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Russian Films Take Spotlight in Finland

Published: June 21, 2014 (Issue # 1816)



  • The Midnight Sun Film Festival attracted 25,000 peopleto the Arctic Circle this year.
    Photo: Ella Karttunen / MSFF

SODANKYLA, Finland — The Midnight Sun Film Festival in the Finnish town of Sodankylä has been welcoming Russian films since it was founded in 1986, with the help of Aki and Mika Kaurismäki, the country's most famous directors.

Last week, the festival, which takes place in the constant sunlight of the Arctic Circle and attracted 25,000 people, opened with veteran filmmaker Gleb Panfilov's classic 1970 film "Debut" about a provincial factory worker who falls in love with a married man.

"It is probably the best festival in the world," film critic Boris Nelepo said. "Literally everything here happens only because of love and passion for cinema."

Nelepo spoke before a showing of Friedrikh Ermler's 1934 film "Peasants." The film is a propaganda attack on the kulaks, the richer farmers who would suffer so much in the 1930s. Introducing the film, Nelepo told the audience "not to enjoy the film, but to find it interesting."

Set in a collective farm, it shows a deceitful kulak's attempts to undermine the farm. Set in a claustrophobic collective farm it features jarringly contrasting episodes, both murder and a goofy subplot about beards.

The founder of the festival, Peter von Bagh, showed his latest film, "Socialism," which mixes footage from Soviet classics, such as Sergei Eisenstein's "October" and Aleksander Dovzhenko's "Earth" to take a look at the ideology behind the Bolshevik state.

Von Bagh takes a humanistic tack towards his subject, enthralled by its aims but horrified by the gruesome outcomes. When asked if he believes in socialism, von Bagh said: "Yes, because of my background in a mental hospital."

In "Voice of Sokurov," Finnish director Leena Kilpeläinen looks at Russian auteur Aleksander Sokurov, whose "Faust" won the Golden Bear at Viennna film festival in 2011. Sokurov goes around many of his favorite St. Petersburg locations talking candidly about his struggles with state censorship and the film market. "We have great art, literature, philosophy — and with no results whatsoever," he says at one point. It also looks at his battles to preserve historic buildings and the film studio Lenfilm in his hometown.





 


ALL ABOUT TOWN

Wednesday, July 30


SPIBA continues their series of Look@It tours, which focus on the success stories of major brands in the St. Petersburg market. Today’s event will focus on the Gorky Golf Club and will also be held there. For more details visit spiba.ru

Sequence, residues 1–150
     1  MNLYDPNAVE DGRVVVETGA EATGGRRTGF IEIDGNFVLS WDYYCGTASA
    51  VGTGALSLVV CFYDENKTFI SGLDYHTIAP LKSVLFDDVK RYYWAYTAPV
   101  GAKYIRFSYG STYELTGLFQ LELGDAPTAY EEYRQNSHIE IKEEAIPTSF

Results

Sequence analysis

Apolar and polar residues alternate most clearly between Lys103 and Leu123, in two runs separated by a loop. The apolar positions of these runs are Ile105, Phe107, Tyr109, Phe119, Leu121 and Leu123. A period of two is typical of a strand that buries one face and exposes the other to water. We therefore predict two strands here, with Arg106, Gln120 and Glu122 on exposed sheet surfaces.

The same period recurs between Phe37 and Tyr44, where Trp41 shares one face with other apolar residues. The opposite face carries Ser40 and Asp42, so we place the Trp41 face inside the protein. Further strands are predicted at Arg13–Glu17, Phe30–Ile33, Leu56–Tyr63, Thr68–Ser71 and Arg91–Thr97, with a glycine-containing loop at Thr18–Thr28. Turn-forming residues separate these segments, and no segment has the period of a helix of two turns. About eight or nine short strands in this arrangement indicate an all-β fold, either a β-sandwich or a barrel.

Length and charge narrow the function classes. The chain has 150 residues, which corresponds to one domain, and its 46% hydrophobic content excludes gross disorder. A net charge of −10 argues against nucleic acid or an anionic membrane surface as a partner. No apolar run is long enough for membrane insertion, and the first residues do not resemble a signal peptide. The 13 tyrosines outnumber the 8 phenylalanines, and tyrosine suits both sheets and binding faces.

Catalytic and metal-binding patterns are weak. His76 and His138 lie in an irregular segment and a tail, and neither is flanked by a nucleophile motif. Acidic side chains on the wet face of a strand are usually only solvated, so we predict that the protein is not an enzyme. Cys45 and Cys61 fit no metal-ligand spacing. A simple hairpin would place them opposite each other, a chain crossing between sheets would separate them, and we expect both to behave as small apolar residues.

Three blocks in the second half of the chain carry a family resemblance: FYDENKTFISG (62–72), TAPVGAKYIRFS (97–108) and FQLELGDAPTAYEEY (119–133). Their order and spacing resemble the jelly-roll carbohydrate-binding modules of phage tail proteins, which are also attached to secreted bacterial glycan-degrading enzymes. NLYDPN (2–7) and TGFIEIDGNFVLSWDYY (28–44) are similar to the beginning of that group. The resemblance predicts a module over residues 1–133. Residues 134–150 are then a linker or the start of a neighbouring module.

Thursday, July 31


Develop your leadership abilities during a lecture by famous Russian author and coach Radislav Gandapas. The event starts at 9 a.m. at 5 Lodeinopolskaya Ulitsa. The price for entry is 20,500 rubles ($570).


Relax and enjoy a Parisian atmosphere with some romantic and laidback jazz tunes during the Night of French Music at Lenny Jam Cafe, 63 Ligovsky Prospekt. The entrance fee is 250 rubles ($7).


The Women’s Business Club is hosting a Beauty Brunch where participants are invited to discuss the latest news in the beauty industry and listen to lectures by professional stylists in the business.



Friday, Aug. 1


Bikers from all around the world will gather to take part in a parade, extreme shows and rock concerts during the International Biker Festival that revs its engines today and runs through Aug. 3 near Olgino Hotel, 4/2 Primorskogo Shosse.


The Peter and Paul Fortress will be turned into an open-air cinema today and tomorrow as part of the 5th International Short and Animation Film Festival. A huge screen across the fortress walls will air short films non-stop with board games, photo sessions and other activities also on offer for visitors. For more information, visit www.opencinemafest.ru



Saturday, Aug. 2


Gatchina Palace Park Museum will host its second annual Night of Light, an impressive audio-visual show across the night sky. Tickets are 600 rubles ($16).


If graphic design is more your thing then check out Illustration Day, where you will be able to visit an exhibition, attend lectures by professionals and even show experts some of your own work. The event starts at noon at Zona Deystvia, 73 Ligovsky Prospekt. The entrance fee is 350 rubles ($10).



Sunday, Aug. 3


History lovers shouldn’t miss the chance to see reenactments of World War I battles in Pushkin at noon. Besides exciting war scenes, visitors can enjoy live music, historical costumes, an equestrian show and a fancy-dress parade starting from the Moscow gates.


Garage Sale, the popular and growing flea market where nothing is priced over 500 rubles ($14.11), starts today at noon in Loft-Project Etagi, 74 Ligovsky Prospekt. Be sure to get in early to score a bargain. Entry costs 50 rubles ($1.40)



Monday, Aug. 4


Continue the working week with a calm and steady mind with a free yoga lesson at 7 p.m. in the Bukvoed store at 23A Vladimirsky Prospekt.



Tuesday, Aug. 5


Visit The Romanov Dynasty doll exhibition today, where more than fifty porcelain dolls depicting Russian rulers, and made by Olina Ventzel, will be on show. The exhibition continues through Aug. 31 in Sheremetyev Palace, 34 Fontanka Naberezhnaya.



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